The Bavarian Lodge
The real deal for authentic Oktoberfest meals in Lisle
It’s got schnitzel. It’s got spätzle. It’s got schwarzbier. And it definitely has an Old World spirit.
Welcome to The Bavarian Lodge, a literal and figurative taste of Germany in west suburban Lisle.
The timber-lined restaurant, pub and “beer bar” on Ogden Avenue looks as if it’s been plunked down in the Chicago area from a wooded hillside in Germany. Inside, cozy woodwork on the walls and floor, heavy glass pendant lights and shelves lined with steins suggest a place as authentic as it is welcoming.
Open a menu and you’ll quickly discover a host of German dishes at this family-owned eatery, which first opened in 1986 and draws a crowd all year long, especially during Oktoberfest season. The chef and culinary team butcher meats in-house, make their own sausages and create stocks and sauces from scratch.
Accordingly, patrons can find unique dishes here, in addition to popular and known-in-America items like wiener schnitzel, roast duck, sauerbraten, knackwurst, sauerkraut and dumplings. The Bavarian Rouladen is one example, a traditional beef flank steak rubbed with seasonings and mustard, wrapped around a filling of smoked sausage, bacon, onion, pickle, carrot, celery and hard-boiled egg and baked in a peppercorn gravy. Another specialty is Schwein’s Hax’n, a pork shank cooked in vegetable stock and served with pan gravy, with the option for a crispy skin (go for it).
For those who struggle with picking one entrée, The Bavarian Lodge offers combination meals, including a create-your-own combo, in which guests are served two or three different entrées, a potato and a vegetable. Like the entrées, sides span traditional German favorites, such as dumplings, mashed or boiled potatoes, spätzle egg noodles, German potato salad, Bavarian spinach, braised red cabbage and good old applesauce.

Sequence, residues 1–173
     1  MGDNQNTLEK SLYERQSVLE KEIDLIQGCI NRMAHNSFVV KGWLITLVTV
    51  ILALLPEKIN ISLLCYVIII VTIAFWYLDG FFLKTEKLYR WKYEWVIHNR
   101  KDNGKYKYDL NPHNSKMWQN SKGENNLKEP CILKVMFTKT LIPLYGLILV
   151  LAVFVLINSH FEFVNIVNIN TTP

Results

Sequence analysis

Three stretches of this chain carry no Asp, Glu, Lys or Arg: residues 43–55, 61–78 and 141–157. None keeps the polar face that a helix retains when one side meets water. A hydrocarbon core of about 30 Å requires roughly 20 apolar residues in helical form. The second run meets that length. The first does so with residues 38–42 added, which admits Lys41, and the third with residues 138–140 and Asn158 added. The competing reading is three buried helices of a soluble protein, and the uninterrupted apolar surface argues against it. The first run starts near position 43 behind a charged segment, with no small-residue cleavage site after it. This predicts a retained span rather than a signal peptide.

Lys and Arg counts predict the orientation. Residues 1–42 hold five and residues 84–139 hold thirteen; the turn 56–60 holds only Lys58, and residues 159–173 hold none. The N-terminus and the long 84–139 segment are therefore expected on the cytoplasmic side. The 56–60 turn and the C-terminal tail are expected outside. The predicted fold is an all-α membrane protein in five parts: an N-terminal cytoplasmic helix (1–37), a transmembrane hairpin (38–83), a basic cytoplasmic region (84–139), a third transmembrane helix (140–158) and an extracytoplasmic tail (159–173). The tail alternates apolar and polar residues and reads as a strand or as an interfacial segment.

Another way to mix, match and get a taste of different dishes is to start with appetizers, which range from potato pancakes, to a platter of duck wings served with orange horseradish marmalade, to a “wurst platter” — slices of smoked sausages accompanied by ramekins of horseradish sauce and mustard.
Befitting a German restaurant, the bar is stocked with all kinds of German beers, often served in a glass bearing the beer’s name. There are at least 36 drafts on the menu — including signature Trappist ales from Belgium, The Netherlands and Austria — along with 150 bottled beers. Mead, a fermented honey drink with a history dating back centuries, is served in 20th century varieties like bourbon barrel-aged mead, chili pepper mead and pomegranate- nectar mead. The wine list features German classics like Riesling and Splatlese. Those looking for cocktails can choose from single malt scotches, cognacs, cordials, bourbons and draft-distilled spirits.
If you have room, don’t pass up the German staple of apple strudel that is, of course, made in house.
1800 Odgen Ave., Lisle
Bavarian Rouladen, Homemade schnitzel, Spätzle egg noodles
Appetizers: $6 – $12
Entrées: $12 – $25
Wed - Fri: 4 p.m – midnight
Sat: Noon – midnight
Sun: Noon – 10 p.m.
Kitchen closes at 10 p.m. Wed to Sat and at 8 p.m. Sun